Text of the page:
Figure 5. For the above periodic two-dimensional pattern of 3m motifs another unit cell (yellow) can be chosen as repeating unit. As can be seen, it is a centered unit cell, because it involves, in addition to its six equivalent points, a seventh equivalent point in its center.

The next Figure shows that indeed the newly chosen unit cell is a genuine repeat unit.

Figure 6. The hexagonal unit cell depicted in the above Figure is a genuine repeat unit. Four cells are highlighted.

If we interpret these hexagonal cells not as unit cells but as total motifs, i.e. as each representing the complete surroundings of the corresponding lattice point, then we can indicate again a rhomb-shaped unit cell, as the next Figure shows. This rhomb-shaped unit cell is depicted by

Figure 7. Four total motifs associated with their corresponding lattice points of another -- but still hexagonal -- net. The rhomb-shaped unit cell of this net is indicated by red solid lines. The symmetry distribution of that unit cell (and ofcourse also of the product of its repetition) seems now to be according to Plane Group P31m (while we started with a P3m1 pattern). Also the rhomb-shaped unit cell according to the Plane Group P3m1 is indicated.

The total motif contains 6x1/3+1=3 motifs s.str.

The P31m (larger) rhomb-shaped unit cell (at the corners of which are the total motifs) contains 4x1/4+2=3 motifs s.str.

The P3m1 (smaller) rhomb-shaped unit cell (at the corners of which are the motifs s.str.) contains 4x1/4=1 motif s.str.

The next Figure isolates a total motif from the pattern of the previous Figure.

The repetition of this motif goes according to the net indicated by red lines in Figure 7. This net is explicitly drawn in the next Figure.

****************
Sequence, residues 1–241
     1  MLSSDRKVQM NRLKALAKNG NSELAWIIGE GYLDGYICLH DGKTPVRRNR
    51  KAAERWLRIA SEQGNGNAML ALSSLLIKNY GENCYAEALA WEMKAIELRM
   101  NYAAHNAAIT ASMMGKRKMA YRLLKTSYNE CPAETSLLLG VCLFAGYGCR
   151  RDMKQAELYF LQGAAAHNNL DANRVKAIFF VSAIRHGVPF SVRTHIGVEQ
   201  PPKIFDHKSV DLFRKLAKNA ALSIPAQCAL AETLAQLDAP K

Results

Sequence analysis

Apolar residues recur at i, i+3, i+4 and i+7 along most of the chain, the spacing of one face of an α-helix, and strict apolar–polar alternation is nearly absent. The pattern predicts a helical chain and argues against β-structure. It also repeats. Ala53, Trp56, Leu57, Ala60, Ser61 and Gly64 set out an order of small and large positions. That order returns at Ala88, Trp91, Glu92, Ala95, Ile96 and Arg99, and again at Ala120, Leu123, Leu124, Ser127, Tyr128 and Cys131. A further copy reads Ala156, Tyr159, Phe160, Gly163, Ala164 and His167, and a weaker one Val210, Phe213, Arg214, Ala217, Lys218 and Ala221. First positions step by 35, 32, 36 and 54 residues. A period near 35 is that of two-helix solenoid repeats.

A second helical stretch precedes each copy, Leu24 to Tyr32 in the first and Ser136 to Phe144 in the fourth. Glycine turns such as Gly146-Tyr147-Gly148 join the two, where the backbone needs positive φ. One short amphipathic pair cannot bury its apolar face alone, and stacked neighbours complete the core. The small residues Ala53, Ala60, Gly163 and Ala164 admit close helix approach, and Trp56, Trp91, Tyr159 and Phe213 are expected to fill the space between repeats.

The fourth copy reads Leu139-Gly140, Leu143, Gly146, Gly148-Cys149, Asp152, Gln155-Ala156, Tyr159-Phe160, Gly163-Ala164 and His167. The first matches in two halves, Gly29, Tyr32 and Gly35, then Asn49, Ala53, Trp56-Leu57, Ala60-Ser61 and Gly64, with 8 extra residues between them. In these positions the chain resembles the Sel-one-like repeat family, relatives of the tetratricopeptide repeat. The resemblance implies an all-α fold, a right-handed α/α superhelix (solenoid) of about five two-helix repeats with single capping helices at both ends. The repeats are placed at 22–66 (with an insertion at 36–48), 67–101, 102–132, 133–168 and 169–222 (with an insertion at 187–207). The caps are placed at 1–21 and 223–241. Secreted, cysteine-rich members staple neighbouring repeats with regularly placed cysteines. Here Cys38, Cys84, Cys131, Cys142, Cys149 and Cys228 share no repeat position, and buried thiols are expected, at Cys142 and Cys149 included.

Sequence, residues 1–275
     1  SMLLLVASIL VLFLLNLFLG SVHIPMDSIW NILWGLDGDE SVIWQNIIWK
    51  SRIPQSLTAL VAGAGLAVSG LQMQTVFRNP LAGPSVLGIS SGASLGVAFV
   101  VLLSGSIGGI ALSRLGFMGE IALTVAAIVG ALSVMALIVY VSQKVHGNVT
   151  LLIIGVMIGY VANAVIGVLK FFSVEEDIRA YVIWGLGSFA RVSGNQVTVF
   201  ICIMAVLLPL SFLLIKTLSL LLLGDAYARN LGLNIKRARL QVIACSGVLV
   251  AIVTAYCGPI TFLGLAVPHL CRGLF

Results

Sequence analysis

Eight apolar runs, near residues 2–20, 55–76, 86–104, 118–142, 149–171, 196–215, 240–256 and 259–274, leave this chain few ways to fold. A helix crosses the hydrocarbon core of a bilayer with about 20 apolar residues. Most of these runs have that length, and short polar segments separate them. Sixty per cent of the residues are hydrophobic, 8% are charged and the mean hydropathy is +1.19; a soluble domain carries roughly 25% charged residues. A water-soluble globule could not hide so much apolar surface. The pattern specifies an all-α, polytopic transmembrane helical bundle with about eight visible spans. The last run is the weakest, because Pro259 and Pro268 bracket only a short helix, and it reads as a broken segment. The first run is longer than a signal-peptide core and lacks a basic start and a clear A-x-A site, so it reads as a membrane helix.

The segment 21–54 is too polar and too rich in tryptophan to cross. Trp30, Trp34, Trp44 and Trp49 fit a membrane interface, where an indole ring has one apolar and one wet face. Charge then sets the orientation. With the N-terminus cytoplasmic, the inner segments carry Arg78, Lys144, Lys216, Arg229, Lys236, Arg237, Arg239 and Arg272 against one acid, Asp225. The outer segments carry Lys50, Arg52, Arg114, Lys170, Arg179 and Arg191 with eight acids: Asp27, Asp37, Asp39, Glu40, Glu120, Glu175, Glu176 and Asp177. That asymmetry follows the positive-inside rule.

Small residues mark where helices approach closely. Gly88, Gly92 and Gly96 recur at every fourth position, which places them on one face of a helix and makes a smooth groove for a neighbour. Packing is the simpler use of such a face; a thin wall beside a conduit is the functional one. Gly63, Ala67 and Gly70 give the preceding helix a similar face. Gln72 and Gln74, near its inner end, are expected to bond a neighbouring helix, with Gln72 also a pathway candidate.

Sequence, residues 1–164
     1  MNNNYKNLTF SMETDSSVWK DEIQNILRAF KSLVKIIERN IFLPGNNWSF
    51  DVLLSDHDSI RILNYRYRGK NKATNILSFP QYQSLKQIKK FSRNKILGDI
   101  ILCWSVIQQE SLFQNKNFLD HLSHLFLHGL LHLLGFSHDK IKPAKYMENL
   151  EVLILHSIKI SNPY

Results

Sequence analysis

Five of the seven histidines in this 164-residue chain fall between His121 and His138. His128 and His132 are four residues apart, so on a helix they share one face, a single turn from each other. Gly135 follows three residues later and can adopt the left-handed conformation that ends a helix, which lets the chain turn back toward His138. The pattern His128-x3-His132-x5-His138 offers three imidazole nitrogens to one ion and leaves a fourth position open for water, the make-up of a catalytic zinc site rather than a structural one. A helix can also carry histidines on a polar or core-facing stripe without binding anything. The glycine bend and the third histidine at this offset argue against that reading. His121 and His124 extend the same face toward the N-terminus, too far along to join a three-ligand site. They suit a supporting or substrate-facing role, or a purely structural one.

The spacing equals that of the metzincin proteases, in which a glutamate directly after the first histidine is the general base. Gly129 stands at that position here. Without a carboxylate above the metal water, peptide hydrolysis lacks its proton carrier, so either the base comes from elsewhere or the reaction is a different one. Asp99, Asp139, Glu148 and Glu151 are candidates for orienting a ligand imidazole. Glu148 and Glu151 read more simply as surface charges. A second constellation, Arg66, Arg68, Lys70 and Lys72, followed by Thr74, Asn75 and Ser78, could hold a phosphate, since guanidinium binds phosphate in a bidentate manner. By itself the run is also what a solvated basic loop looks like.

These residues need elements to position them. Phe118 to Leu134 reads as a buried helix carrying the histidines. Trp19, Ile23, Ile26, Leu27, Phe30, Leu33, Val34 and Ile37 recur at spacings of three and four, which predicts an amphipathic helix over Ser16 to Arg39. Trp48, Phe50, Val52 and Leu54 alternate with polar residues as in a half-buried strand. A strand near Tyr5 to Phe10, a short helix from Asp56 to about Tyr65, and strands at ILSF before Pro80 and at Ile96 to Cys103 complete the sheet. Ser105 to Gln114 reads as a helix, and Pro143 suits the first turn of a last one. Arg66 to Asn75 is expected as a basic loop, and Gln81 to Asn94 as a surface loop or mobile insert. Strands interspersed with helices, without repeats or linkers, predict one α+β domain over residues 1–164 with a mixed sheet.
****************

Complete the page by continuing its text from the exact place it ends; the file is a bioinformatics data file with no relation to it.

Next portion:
Figure 9. The net, based on the rhomb-shaped (larger) unit cell in Figure 7. This unit cell is again indicated (yellow).

So the pattern of Figure 7 is a periodic repetition of a total motif as depicted in Figure 8, and although we have nothing changed in our initial pattern (Figure 3), its seems now (also) to be (structured) according to the Plane Group P31m.

The symmetry diagram displaying the symmetry configuration of a P31m pattern, a configuration based on the edges of the rhomb-shaped unit cell coinciding with the mirror lines, is the following :

Figure 10. Symmetry content of 2-D patterns according to the Plane Group P31m. Glide lines are indicated by dashed lines. Mirror lines are indicated by red and by black solid lines, while the 3-fold rotation axes are indicated by small triangles.

Let's investigate whether the pattern of Figure 7 and 9 indeed does have (or does not have) the symmetry elements and their distribution as is indicated in the above symmetry diagram of the Plane Group P31m. All this in fact means that we must verify that the u n i t c e l l as drawn in the Figures 7 and 9 possesses the symmetry distribution as given by the symmetry diagram of Plane Group P31m.

That the 3-fold rotation axes and mirror lines are indeed present in that unit cell is easy to verify in Figure 7. :

Figure 11. In the pattern of Figure 9, the unit cell indeed has mirror lines (m) as in the symmetry diagram. Also the 3-fold rotation axes are present at their proper places : One at each corner of the unit cell (not indicated, but evident), and two in its interior (also not indicated, but evident, namely coinciding with the motifs s.str. of that interior) (A 3-fold rotation axis goes through the center of __each__ motif s.str. of the pattern)

But, there are additional 3-fold axes (indicated as green discs) on the edges of the unit cell and two extra in its interior, __not__ present in the symmetry diagram.

If we interpret the pattern as a repetition of the total motifs as indicated in Figure 7, then we still find extra 3-fold axes on the edges of the unit cell, not present in the symmetry diagram :

Figure 12. In the pattern of Figure 7, the unit cell indeed has mirror lines (m) as the symmetry diagram has it. Also the 3-fold rotatation axes are present at their proper places : One at each corner of the unit cell (not indicated, but evident), and two in its interior (also not indicated, they coincide the two motifs s.str. of that interior (A 3-fold rotation axis goes through the center of each motif s.str. of the pattern. But the extra 3-fold rotation axes, found above, which are not present in the symmetry diagram for the Plane Group P31m (Figure 10), are still present in the pattern (indicated as green discs).